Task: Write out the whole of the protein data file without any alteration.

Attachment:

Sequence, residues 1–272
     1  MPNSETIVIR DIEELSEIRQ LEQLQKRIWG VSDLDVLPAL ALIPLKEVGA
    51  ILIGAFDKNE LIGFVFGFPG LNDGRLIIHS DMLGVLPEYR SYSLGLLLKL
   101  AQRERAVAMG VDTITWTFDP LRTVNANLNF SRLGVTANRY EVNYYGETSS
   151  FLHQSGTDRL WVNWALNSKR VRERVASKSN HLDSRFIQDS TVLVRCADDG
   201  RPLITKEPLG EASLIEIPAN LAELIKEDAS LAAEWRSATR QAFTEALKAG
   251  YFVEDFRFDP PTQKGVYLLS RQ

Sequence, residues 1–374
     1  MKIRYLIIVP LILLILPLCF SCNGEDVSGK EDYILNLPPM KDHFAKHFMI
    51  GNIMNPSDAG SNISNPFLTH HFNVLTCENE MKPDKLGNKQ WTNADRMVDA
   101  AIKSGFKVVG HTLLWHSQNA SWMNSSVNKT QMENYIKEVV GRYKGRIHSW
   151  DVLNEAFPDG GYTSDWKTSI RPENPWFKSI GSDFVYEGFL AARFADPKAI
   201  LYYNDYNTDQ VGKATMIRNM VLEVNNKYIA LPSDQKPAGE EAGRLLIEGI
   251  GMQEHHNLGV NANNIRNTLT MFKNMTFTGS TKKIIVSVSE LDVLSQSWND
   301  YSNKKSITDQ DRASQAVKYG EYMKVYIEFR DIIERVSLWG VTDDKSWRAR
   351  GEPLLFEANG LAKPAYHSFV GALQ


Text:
Sequence, residues 1–272
     1  MPNSETIVIR DIEELSEIRQ LEQLQKRIWG VSDLDVLPAL ALIPLKEVGA
    51  ILIGAFDKNE LIGFVFGFPG LNDGRLIIHS DMLGVLPEYR SYSLGLLLKL
   101  AQRERAVAMG VDTITWTFDP LRTVNANLNF SRLGVTANRY EVNYYGETSS
   151  FLHQSGTDRL WVNWALNSKR VRERVASKSN HLDSRFIQDS TVLVRCADDG
   201  RPLITKEPLG EASLIEIPAN LAELIKEDAS LAAEWRSATR QAFTEALKAG
   251  YFVEDFRFDP PTQKGVYLLS RQ

Sequence, residues 1–374
     1  MKIRYLIIVP LILLILPLCF SCNGEDVSGK EDYILNLPPM KDHFAKHFMI
    51  GNIMNPSDAG SNISNPFLTH HFNVLTCENE MKPDKLGNKQ WTNADRMVDA
   101  AIKSGFKVVG HTLLWHSQNA SWMNSSVNKT QMENYIKEVV GRYKGRIHSW
   151  DVLNEAFPDG GYTSDWKTSI RPENPWFKSI GSDFVYEGFL AARFADPKAI
   201  LYYNDYNTDQ VGKATMIRNM VLEVNNKYIA LPSDQKPAGE EAGRLLIEGI
   251  GMQEHHNLGV NANNIRNTLT MFKNMTFTGS TKKIIVSVSE LDVLSQSWND
   301  YSNKKSITDQ DRASQAVKYG EYMKVYIEFR DIIERVSLWG VTDDKSWRAR
   351  GEPLLFEANG LAKPAYHSFV GALQ